Money stolen from Municipal Authority of Westmoreland County in apparent scam

WESTMORELAND COUNTY, Pa. — The Municipal Authority of Westmoreland County said it is working with its insurance and the Federal Bureau of Investigation after falling victim to a fraud called a “vendor impersonation scheme.”

“It’s sad because we see this every single day,” said Warren King, the President of the Better Business Bureau Serving Western Pennsylvania.

The scam is something the Better Business Bureau said is extremely common – and it can happen to businesses of all kinds. One of the most common forms is a Business Email Compromise.

“So, it doesn’t matter,” King told Channel 11′s Andrew Havranek. “There are estimates that the business community has lost in 2023, upwards of $3 billion for this BEC scam.”

Details on the alleged theft are slim. It’s unknown how much money was involved.

Private information for the MAWC’s more than 100,000 customers was not compromised, and service won’t be impacted.

“They’re a victim of fraud itself. No one has hacked into their accounts,” King said.

This is how the scheme works.

The Better Business Bureau says scammers impersonate someone in a business to get a victim to transfer money for certain services. They often make fake invoices that appear to be from a real client, and then steal the money once it’s transferred.

“Our experience with the Better Business Bureau is you’re never going to get the money back,” King said.

Despite that, the BBB said it’s important to report the fraud to the authorities.

The MAWC said they immediately reported this to their insurance and the FBI.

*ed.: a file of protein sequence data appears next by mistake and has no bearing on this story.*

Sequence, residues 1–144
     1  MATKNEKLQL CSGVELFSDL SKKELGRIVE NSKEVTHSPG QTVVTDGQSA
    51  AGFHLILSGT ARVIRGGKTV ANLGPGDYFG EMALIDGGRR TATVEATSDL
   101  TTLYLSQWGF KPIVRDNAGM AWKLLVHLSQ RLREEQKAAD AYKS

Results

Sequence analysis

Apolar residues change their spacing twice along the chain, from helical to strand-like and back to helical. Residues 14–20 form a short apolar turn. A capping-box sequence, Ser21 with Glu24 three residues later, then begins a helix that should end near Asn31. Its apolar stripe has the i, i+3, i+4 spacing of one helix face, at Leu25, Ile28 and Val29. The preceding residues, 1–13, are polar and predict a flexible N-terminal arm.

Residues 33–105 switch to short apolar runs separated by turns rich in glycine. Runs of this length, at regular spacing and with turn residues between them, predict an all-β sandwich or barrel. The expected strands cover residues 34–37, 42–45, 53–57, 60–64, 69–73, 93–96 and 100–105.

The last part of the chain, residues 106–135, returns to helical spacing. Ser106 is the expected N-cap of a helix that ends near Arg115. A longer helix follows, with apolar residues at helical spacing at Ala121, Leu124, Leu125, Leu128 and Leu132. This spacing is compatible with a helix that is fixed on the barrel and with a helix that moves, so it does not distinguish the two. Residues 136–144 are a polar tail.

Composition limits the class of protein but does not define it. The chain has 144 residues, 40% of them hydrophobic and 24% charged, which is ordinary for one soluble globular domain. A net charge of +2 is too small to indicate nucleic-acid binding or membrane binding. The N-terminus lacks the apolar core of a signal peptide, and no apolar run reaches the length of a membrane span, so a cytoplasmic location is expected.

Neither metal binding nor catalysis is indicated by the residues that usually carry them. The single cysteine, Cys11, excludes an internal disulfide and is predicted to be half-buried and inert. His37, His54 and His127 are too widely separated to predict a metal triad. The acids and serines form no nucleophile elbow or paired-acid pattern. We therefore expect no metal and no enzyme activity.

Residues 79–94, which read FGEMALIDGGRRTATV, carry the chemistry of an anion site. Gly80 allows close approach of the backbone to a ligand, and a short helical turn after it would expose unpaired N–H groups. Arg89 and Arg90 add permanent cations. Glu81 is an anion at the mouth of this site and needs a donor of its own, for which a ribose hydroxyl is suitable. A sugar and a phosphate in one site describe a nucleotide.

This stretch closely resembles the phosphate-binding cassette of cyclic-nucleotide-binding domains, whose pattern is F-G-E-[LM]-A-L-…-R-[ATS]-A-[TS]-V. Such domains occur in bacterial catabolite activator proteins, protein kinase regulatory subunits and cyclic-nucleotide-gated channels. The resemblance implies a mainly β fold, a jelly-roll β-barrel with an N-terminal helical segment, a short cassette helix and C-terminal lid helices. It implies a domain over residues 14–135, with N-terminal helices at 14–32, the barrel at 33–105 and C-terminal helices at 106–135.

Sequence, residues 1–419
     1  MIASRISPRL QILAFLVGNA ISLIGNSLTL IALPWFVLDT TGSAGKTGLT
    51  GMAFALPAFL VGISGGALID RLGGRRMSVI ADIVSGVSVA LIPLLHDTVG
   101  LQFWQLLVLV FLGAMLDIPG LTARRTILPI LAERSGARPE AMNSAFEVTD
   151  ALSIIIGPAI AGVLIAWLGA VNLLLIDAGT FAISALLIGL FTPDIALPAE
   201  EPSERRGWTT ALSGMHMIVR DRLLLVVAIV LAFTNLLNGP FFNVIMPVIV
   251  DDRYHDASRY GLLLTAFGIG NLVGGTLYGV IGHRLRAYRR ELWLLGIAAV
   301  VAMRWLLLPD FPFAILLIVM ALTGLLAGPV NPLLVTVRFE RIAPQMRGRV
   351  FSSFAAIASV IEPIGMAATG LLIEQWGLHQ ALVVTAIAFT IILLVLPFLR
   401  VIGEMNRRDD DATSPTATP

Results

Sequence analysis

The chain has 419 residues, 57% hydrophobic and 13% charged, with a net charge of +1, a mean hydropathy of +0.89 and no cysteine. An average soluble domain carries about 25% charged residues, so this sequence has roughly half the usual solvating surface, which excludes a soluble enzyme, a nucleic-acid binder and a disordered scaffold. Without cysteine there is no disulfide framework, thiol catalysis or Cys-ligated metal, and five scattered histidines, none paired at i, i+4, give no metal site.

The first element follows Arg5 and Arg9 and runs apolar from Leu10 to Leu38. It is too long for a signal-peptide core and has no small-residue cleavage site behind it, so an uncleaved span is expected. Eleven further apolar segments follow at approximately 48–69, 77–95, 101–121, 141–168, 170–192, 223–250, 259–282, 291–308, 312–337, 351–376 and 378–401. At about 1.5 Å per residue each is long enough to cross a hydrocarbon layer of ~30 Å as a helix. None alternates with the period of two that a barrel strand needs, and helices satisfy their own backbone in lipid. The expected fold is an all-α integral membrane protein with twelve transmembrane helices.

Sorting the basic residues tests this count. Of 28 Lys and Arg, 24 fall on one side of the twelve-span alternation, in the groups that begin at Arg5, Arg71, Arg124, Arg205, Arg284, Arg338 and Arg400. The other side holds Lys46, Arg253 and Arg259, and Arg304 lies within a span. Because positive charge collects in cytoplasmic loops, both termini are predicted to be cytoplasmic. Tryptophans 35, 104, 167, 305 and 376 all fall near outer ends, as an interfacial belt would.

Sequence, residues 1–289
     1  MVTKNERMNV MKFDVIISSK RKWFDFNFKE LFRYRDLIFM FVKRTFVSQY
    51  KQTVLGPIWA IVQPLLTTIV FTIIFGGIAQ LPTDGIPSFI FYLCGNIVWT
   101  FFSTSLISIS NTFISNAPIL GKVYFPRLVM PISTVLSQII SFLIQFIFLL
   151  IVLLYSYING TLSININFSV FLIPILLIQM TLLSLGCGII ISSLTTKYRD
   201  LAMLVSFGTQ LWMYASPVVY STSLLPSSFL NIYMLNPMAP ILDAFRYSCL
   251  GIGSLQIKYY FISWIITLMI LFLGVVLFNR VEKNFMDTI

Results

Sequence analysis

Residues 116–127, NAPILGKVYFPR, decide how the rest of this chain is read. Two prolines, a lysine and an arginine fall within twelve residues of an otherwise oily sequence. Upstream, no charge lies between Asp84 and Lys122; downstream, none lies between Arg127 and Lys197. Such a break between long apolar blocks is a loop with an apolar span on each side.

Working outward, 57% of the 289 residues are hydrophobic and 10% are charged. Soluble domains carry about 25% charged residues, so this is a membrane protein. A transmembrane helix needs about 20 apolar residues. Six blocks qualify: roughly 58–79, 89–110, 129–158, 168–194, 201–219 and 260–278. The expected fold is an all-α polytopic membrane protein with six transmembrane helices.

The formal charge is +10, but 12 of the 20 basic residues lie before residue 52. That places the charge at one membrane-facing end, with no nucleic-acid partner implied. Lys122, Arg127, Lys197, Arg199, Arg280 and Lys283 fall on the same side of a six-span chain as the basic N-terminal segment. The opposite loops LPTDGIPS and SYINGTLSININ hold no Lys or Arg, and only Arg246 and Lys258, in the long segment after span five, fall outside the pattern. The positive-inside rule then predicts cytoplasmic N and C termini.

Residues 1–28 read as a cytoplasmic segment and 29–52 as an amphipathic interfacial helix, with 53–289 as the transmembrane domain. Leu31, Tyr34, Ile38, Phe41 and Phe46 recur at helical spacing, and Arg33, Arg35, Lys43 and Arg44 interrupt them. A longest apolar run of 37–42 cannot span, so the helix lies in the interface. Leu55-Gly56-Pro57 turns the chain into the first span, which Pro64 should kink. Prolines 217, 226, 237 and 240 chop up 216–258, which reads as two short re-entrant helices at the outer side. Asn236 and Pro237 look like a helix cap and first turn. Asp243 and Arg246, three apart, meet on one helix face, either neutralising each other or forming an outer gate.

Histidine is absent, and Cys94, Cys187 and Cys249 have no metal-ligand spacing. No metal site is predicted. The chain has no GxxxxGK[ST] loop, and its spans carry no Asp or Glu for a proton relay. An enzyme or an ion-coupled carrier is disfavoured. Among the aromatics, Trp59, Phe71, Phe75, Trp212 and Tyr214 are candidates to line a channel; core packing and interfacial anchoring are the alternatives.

In a statement to Channel 11, the MAWC said, “MAWC is cooperating with law enforcement and our insurance carrier regarding a theft of funds meant for a vendor in late June. Customer information and MAWC infrastructure was not involved.”

The FBI wouldn’t confirm or deny their involvement in the investigation.

The BBB said the best way to prevent this from happening to your business is to double-check everything.

If you think an invoice, an email, or even a voicemail is fake, look for red flags like spelling or grammar mistakes and check the logo on the invoice for errors.

You can also call the real business to verify the payment request.

“These scammers are really good at what they’re doing, and they know how to get money,” King said.

The MAWC’s next scheduled board meeting is set for July 17, 2024, at 12 p.m.

Download the FREE WPXI News app for breaking news alerts.

Follow Channel 11 News on Facebook and Twitter. | Watch WPXI NOW

Comments on this article